Faced with the prospect of speaking in front of an audience, normally confident and well-balanced people have been known to have a panic attack. Yet not only is it a skill that practically anyone can pick up, it is one that well serves all forms of personal communication. If you can improve the way you speak to a group of people, you’ll usually find that you’ve improved at a one-on-one level too.
If you’ve not had much experience—or perhaps have unwisely decided after a couple of bad experiences that you are ‘no good’ at public speaking—remember that this is a skill that is very rarely inherent and is almost always learnt. Even the very few who have a natural confidence and a way with words will benefit from some tips on how to get the best out of preparation and delivery. And all speakers, even the more experienced, will improve with practice.
Nevertheless, the point of departure should be as long as possible before you actually get up to speak. Firstclass preparation is vital: without it, the inexperienced become (deservedly) nervous and the experienced are simply boring. No matter how often you might speak on the same subject, it is always better to try to find a new approach to what you want to say—and never misuse old notes as a quick substitute. After all, if you cannot get interested, let alone enthusiastic, about your subject matter, then think how that is going to come across to your audience.
So there you are, sitting at your desk with a pile of blank paper in front of you. Where do you start?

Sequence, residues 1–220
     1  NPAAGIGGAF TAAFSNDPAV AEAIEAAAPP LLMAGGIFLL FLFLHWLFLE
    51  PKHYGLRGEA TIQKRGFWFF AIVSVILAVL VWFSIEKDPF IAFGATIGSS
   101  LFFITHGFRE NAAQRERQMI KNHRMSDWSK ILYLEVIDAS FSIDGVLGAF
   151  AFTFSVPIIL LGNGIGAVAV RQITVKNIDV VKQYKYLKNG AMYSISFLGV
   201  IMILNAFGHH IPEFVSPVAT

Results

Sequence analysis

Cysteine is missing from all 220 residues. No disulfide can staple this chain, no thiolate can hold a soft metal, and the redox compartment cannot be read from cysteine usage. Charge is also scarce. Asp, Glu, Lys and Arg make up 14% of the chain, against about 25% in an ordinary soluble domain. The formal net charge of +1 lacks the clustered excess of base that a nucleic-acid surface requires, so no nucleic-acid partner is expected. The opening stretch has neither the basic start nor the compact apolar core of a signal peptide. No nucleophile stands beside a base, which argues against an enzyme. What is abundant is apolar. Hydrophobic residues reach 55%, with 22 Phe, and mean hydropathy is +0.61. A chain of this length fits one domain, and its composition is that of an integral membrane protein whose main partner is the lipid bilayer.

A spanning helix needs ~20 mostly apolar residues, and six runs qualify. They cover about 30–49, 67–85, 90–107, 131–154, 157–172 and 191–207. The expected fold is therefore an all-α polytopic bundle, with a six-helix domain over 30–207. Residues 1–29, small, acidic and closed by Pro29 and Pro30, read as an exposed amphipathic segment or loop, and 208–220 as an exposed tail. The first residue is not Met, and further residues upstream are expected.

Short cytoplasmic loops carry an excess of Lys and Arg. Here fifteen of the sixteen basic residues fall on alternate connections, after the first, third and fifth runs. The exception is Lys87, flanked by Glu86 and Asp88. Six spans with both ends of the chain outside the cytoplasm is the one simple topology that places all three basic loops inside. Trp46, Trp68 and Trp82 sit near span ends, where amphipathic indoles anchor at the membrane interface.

The first step is easy. Think very carefully about to whom you will be talking and exactly what you want to get across to them. Then jot down all your ideas, however random or incoherent they may be. Let your mind drift and reach out to all the possible points that you might want to make. If you’re at all creative, interested, or passionate about your subject, this really is the fun part of the exercise.
The second step, of course, is far more difficult. You need to pull this material together in a way that ensures a logical delivery with a beginning, body, and conclusion. As you do so, you must be ruthless in discarding any points that simply do not fit.
Start with the body. Sort out your ideas under appropriate headings. The key here is that you have to keep your audience with you. Don’t distract them with lines of argumentation that will only confuse them. Only when you’ve outlined the body should you work out the beginning. Here, the aim is to create interest so the audience genuinely wants to hear the rest of what you have to say. Finally, work out a good ending to leave them with a clear conclusion that they can take away with them.
Many books on public speaking have a very simple test as a key to a successful speech: Tell them what you are going to say, say it, and then remind them of what you said.
As you work out what to say, remember a few caveats:
• Do not be over-ambitious. It really is pointless writing a beautiful speech if you are unable to deliver it beautifully. So don’t waste your time carefully crafting every sentence with just the right adjectives and adverbs.
• Avoid clichés and long, wordy phrases. Simplicity pays; just use ordinary everyday language. Even if your audience knows the subject well, there is a big difference between reading an article and listening to someone speak. Make it easier for them—and yourself.
• Beware of humor. What might seem very funny to you late at night in your own room could fall flat on your audience. That will leave both you and them feeling awkward. If you have them and feel comfortable using them, amusing anecdotes can work well. But you certainly do not have to be funny to be good.
This post, written by Scott Hamilton, is an excerpt from the IHS “Creating Your Path to a Policy Career” guide. Tune in next week for part 2.